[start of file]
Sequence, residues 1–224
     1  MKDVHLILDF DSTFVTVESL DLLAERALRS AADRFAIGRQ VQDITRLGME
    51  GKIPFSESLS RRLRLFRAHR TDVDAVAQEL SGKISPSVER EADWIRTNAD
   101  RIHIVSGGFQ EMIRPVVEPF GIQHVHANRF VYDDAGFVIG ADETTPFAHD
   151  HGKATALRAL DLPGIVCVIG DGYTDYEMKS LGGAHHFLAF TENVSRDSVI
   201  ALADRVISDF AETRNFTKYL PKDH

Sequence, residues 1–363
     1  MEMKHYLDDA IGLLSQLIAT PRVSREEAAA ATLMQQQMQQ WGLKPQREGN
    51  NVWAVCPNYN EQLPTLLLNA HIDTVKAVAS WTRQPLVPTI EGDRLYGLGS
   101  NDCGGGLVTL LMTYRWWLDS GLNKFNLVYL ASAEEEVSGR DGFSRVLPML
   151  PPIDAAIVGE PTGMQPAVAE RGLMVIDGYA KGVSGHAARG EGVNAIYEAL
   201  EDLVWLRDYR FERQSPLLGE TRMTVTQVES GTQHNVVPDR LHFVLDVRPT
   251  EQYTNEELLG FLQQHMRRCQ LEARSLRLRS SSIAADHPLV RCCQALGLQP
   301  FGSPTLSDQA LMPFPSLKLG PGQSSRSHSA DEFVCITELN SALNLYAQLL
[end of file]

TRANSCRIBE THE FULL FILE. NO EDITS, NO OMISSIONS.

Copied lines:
Sequence, residues 1–224
     1  MKDVHLILDF DSTFVTVESL DLLAERALRS AADRFAIGRQ VQDITRLGME
    51  GKIPFSESLS RRLRLFRAHR TDVDAVAQEL SGKISPSVER EADWIRTNAD
   101  RIHIVSGGFQ EMIRPVVEPF GIQHVHANRF VYDDAGFVIG ADETTPFAHD
   151  HGKATALRAL DLPGIVCVIG DGYTDYEMKS LGGAHHFLAF TENVSRDSVI
   201  ALADRVISDF AETRNFTKYL PKDH

Sequence, residues 1–363
     1  MEMKHYLDDA IGLLSQLIAT PRVSREEAAA ATLMQQQMQQ WGLKPQREGN
    51  NVWAVCPNYN EQLPTLLLNA HIDTVKAVAS WTRQPLVPTI EGDRLYGLGS
   101  NDCGGGLVTL LMTYRWWLDS GLNKFNLVYL ASAEEEVSGR DGFSRVLPML
   151  PPIDAAIVGE PTGMQPAVAE RGLMVIDGYA KGVSGHAARG EGVNAIYEAL
   201  EDLVWLRDYR FERQSPLLGE TRMTVTQVES GTQHNVVPDR LHFVLDVRPT
   251  EQYTNEELLG FLQQHMRRCQ LEARSLRLRS SSIAADHPLV RCCQALGLQP
   301  FGSPTLSDQA LMPFPSLKLG PGQSSRSHSA DEFVCITELN SALNLYAQLL